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[hous-wahyf-lee] /ˈhaʊsˌwaɪf li/
of, like, or befitting a housewife.
Origin of housewifely
1300-50; Middle English. See housewife, -ly
Related forms
housewifeliness, noun
unhousewifely, adjective Unabridged
Based on the Random House Dictionary, © Random House, Inc. 2018.
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Examples from the Web for housewifely
Historical Examples
  • Next, in her housewifely zeal, Cis started in to improve the kitchen.

    The Rich Little Poor Boy Eleanor Gates
  • She is thoughtful and serious; the housewifely instinct is awaking in her bosom.

  • Mallory was touched by this new revelation of her future housewifely thrift.

    Excuse Me! Rupert Hughes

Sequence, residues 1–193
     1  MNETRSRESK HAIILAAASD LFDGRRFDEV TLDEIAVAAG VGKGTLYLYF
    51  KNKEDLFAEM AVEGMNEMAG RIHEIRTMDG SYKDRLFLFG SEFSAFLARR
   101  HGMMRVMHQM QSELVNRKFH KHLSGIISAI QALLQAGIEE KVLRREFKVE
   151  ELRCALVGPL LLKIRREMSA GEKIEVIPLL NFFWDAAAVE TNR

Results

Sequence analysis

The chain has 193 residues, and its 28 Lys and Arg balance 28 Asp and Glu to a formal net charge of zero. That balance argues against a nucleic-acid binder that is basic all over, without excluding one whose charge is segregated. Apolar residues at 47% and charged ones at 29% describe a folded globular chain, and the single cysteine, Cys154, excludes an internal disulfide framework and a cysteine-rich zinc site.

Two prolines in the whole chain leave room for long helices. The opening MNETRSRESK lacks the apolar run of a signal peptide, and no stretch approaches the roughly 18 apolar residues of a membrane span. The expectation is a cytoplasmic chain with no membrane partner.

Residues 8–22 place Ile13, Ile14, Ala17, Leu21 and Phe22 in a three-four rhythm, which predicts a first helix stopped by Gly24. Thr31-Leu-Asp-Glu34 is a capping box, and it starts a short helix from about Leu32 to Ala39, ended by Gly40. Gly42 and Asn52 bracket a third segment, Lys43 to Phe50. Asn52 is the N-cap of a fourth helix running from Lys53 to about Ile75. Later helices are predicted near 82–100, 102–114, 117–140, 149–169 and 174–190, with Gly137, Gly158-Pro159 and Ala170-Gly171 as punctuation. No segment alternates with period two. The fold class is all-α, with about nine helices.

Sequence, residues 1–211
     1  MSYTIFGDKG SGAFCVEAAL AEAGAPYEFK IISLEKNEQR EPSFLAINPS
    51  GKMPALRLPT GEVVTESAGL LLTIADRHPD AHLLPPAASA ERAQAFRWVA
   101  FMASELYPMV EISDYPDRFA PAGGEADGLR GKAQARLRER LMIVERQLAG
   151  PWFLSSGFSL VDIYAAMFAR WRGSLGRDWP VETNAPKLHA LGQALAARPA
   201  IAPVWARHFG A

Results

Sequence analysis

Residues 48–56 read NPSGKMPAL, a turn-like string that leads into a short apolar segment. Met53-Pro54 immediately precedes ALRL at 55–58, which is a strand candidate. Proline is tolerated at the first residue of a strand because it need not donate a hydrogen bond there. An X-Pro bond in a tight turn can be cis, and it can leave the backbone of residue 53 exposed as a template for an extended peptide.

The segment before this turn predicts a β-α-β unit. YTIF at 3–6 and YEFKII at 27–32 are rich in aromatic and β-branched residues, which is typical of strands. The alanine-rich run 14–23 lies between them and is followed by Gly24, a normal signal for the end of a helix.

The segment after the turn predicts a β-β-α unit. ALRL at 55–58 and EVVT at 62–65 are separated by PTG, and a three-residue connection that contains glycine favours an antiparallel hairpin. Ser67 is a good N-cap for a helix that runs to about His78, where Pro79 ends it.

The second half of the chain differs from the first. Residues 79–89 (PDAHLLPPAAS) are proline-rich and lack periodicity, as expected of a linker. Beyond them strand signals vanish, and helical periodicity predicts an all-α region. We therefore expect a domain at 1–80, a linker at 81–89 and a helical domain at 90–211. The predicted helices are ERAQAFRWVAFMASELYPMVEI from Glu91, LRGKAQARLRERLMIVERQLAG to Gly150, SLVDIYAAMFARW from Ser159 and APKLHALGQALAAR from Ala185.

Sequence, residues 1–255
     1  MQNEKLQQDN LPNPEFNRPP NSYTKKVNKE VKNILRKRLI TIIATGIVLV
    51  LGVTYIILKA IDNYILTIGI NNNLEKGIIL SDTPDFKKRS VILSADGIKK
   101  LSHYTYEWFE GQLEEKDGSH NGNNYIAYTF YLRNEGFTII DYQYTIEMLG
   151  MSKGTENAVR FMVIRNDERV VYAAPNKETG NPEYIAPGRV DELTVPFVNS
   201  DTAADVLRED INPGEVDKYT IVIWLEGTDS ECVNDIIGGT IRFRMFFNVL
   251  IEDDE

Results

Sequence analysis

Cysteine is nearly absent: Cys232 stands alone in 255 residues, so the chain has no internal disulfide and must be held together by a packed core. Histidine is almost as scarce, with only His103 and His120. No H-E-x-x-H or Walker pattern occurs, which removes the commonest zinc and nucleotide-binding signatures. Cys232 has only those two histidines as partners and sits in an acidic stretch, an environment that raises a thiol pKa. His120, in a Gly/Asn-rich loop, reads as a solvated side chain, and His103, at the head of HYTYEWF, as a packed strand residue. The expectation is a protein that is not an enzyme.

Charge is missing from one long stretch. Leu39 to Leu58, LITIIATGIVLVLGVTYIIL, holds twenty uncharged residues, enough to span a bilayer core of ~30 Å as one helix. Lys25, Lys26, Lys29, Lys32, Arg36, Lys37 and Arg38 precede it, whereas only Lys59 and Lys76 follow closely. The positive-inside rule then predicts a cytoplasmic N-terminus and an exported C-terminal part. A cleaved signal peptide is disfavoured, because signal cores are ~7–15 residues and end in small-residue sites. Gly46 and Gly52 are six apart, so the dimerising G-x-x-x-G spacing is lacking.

• She locked the door, and then drew out her housewifely bunch of keys.

    A Country Sweetheart Dora Russell
  • I reassured her housewifely scruples, and came to the point at once.

    Vendetta Marie Corelli
  • Here they appear in the loveliness of their peaceful, housewifely mission.

    Women of the Teutonic Nations Hermann Schoenfeld
  • Isom watched her with approval, pleased to see her so housewifely and neat.

    The Bondboy

    George W. (George Washington) Ogden
  • She filled a cup with housewifely care and brought it to Stephen's side.

    Homespun Tales Kate Douglas Wiggin
  • Pertelote shows a housewifely knowledge of the properties of herbs.

    Chaucer and His Times Grace E. Hadow
  • I have yet to see a 294 girl of these colonies who was not proficient in housewifely arts.

    Peggy Owen Patriot Lucy Foster Madison
British Dictionary definitions for housewifely


prudent and neat; domestic: housewifely virtues
Derived Forms
housewifeliness, noun
Collins English Dictionary - Complete & Unabridged 2012 Digital Edition
© William Collins Sons & Co. Ltd. 1979, 1986 © HarperCollins
Publishers 1998, 2000, 2003, 2005, 2006, 2007, 2009, 2012
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